I got Appetite for Destruction on cassette in 1988 after hearing “Paradise City” on the radio. I was nine years old and I remember the clerk asking my mom if it was cool for me to buy because of the parental advisory label. Thanks Tipper Gore. But my mom was cool with it. And thus started a love affair with Guns N’ Roses.
FACT: When I was in high school, I was driving around with some friends and we were listening to Appetite when my tape snapped. I proceeded to drive directly to a music store and promptly replaced the cassette.
Now I must tell you that I’ve never attended a GnR concert. I never had the opportunity before Slash split in 1996 and, no offense to them, but I was never interested in seeing Buckethead or Bumblefoot play “Mr. Browstone.” I instead collected bootlegs and allowed my mind to experience that band that was likely never to be heard together again.
I’ve lived in L.A. for about six months and it’s been awesome, but I couldn’t have imagined what happened this week. Thursday night around 10:30, I got a text from a reliable source saying the show was likely to happen Friday night at the Troubadour. So I packed a bag and headed down to see what was going on, but it was a ghost town after the place closed up.
I hit social media to find any chatter of what might be happening and saw that something was going down at the old Tower Records on Sunset Blvd. I drove over and saw people in line and knew that was were I was going to be spending my night/morning.
So I hopped in line with a couple dozen other people who weren’t really sure what was happening, but there was construction going on inside and vehicles in and out of the parking lot. This had to be something right? Why else would crews be working inside a store that’s been closed for years?
I was like 30th in line, but for exactly what I wasn’t sure. We all figured that something GnR related was going to be taking place here, but was it a ticket giveaway? Was it going to be a press conference? Were people also now waiting outside the Troubadour? There was all kinds of speculation. I’ll tell you that people around me knew nothing about what was happening when we were in line at 11:30, but by 2:30 had somehow become experts with solid theories. GnR had throw this image up on their homepage around midnight and I was sure we were all being trolled.
But we all continued to wait, hopeful that we weren’t just out there on a hunch. Everyone in line was cool for the most part. When we heard tickets were going to be cash only, people watched other people’s places so they could get money. When the street sweeper was set to come by at 4am, places were watched as people moved cars. We were all in this together.
More news came in. Tickets to the show were first-come, first-served and about 250 people would be let in. More people started to show up as the news seemed to be getting more solid. The crew came outside at one point in the morning and let people know a few spots down from me that they were going to have to move for a few minutes as they needed to put up a poster.
Holy shit. THIS.IS.HAPPENING.
Everyone was out of their minds by the morning rush. It was confirmed that we were in the right place, that we were likely to get tickets to see Axl and Slash on stage together for the first time in more than 20 years. I was, and continue to be, in complete shock. I knew that if I hadn’t sat out in line Friday morning that I would have been kicking myself for years about having missed this once-in-a-lifetime (or Not in this Lifetime) performance.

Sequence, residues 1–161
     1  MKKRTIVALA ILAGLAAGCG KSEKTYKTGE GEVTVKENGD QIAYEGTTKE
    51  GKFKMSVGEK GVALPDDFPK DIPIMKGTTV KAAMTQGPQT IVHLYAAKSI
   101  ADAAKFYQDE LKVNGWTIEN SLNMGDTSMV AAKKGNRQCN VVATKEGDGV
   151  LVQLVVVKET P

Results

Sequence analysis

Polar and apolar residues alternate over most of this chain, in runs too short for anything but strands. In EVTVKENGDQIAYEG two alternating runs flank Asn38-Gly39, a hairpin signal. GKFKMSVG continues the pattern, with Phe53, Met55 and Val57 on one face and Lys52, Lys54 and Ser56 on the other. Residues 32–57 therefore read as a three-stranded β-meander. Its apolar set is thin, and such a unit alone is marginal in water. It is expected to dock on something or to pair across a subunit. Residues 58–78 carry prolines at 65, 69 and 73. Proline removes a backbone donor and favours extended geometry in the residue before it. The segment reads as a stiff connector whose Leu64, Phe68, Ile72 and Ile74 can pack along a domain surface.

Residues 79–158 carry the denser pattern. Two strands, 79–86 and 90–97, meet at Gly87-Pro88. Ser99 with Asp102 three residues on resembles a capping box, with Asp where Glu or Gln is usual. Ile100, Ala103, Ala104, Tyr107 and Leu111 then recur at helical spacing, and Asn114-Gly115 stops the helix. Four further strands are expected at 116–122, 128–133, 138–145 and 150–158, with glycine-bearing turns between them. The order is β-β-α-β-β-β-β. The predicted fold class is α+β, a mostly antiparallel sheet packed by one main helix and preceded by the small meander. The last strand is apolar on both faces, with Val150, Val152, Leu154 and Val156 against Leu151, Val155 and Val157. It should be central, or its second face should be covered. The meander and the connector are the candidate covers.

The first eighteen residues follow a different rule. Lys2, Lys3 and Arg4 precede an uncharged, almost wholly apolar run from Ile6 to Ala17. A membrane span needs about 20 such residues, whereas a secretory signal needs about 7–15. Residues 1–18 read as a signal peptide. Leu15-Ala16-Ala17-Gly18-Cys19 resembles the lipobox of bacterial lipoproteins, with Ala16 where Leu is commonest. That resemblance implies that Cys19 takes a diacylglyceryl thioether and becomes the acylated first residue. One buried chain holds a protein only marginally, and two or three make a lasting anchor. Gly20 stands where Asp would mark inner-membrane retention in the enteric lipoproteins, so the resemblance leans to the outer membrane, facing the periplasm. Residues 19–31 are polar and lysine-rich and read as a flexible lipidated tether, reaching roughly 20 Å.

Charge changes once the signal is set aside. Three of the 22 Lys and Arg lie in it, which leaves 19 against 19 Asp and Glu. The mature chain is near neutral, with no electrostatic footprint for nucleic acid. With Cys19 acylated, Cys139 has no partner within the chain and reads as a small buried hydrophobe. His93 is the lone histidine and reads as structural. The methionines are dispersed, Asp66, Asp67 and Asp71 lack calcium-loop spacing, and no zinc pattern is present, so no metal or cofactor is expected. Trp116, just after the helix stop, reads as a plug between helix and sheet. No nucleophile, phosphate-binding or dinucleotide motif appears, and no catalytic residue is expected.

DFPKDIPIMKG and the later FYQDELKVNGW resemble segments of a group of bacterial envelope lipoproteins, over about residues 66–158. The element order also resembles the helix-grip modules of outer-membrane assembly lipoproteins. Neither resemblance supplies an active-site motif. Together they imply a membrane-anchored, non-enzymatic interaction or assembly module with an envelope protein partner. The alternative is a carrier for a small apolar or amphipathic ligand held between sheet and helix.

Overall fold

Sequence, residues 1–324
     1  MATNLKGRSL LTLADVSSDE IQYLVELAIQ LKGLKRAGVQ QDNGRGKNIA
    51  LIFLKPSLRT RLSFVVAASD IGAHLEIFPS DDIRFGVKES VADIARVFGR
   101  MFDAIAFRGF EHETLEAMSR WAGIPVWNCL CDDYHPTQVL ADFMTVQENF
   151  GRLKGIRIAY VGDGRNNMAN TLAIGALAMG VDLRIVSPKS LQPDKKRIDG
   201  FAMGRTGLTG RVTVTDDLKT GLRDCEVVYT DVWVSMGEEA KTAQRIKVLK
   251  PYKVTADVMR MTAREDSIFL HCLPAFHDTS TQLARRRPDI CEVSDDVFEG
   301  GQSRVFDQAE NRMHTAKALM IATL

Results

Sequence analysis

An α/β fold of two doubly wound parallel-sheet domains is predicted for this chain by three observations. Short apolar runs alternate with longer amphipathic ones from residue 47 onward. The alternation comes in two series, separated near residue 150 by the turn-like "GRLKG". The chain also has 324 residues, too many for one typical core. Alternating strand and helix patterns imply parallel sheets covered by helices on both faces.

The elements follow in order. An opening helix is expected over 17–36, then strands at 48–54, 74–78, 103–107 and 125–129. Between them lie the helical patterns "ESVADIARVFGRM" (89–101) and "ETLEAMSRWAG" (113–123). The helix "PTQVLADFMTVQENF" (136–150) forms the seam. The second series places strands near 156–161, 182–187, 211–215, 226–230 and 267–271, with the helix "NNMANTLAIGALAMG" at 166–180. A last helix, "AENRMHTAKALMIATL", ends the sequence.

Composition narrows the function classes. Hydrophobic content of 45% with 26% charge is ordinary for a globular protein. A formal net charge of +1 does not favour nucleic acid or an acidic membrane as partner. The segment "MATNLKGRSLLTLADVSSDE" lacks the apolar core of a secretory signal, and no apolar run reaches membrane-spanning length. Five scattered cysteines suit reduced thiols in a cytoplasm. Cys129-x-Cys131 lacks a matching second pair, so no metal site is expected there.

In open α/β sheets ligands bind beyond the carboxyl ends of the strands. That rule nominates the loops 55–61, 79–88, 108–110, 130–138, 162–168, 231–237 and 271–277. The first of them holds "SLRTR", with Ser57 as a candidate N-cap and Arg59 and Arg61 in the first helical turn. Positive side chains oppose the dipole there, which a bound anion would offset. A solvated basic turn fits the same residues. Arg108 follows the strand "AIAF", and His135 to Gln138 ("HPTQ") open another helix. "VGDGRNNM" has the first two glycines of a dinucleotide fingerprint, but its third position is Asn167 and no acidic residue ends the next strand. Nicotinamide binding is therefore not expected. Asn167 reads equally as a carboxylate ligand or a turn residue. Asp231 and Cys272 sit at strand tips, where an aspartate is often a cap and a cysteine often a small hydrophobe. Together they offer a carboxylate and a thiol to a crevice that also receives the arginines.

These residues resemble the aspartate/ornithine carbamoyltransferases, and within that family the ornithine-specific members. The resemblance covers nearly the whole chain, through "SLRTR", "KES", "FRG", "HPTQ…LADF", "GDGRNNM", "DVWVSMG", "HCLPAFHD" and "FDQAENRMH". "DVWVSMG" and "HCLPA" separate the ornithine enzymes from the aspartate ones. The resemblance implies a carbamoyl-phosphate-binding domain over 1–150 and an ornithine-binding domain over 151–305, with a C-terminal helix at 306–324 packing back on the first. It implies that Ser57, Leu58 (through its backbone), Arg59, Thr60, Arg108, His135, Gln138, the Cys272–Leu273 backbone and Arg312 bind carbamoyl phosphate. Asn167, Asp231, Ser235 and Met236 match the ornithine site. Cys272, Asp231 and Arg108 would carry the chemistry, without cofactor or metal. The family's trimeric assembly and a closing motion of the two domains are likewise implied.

By morning the cops had moved us around the corner, the line was building quickly as people hoped they weren’t too late. And then barricades went up and merch started appearing. We learned there was going to be a pop up event happening with a mini museum inside.
Around 10 they moved us into a serpentine line in front of the store and we got our first wristbands which we were told gave us the ability to get into the museum and purchase tickets for the Troubadour show. I was No. 74 and my wife was No. 75 when we got inside around noon to purchase the tickets among a flurry of activity. There were food trucks (complimentary fare to those of us lucky to be there), there were shirts and placards being sold, a DJ played generic rock music (“You Give Love a Bad Name” and “Walk This Way” come to mind) as people in line sang away. By this point it was the last thing I wanted to hear as I was going on 28 hours without sleep, but the payoff was worth it.
As we came out of the museum around 12:30 Friday afternoon, people were everywhere. The event had taken over the Strip with news vans and onlookers trying to get the scoop on what the lucky few had experienced. A reporter with KTLA asked to speak to my wife and she quickly pulled me over.
It was official! In just hours we were going to be at the Troubadour to see Guns N’ Roses. First things first though, it was time for a nap if I could even get myself to sleep of course.
The show itself was surreal. The band didn’t come on until around midnight, 24 hours after this odyssey began, but before they did celebrities including Andrew Dice Clay, Jim Carrey and Bradley Cooper arrived. Lenny Kravitz walked right behind us as he came in through a side entrance. We saw the people that we had waited in line with that morning and then Guns N’ Roses took the stage, tearing into “It’s So Easy” as if it was 1988 all over again. By now you’ve likely read the stories, seen the footage and pics that got leaked. It’s worth noting that there were three stationary cameras filming the entire show and multiple people running around with handhelds as well. Parts of, if not the entire show, will likely be released down the road. I can’t wait to experience it all again!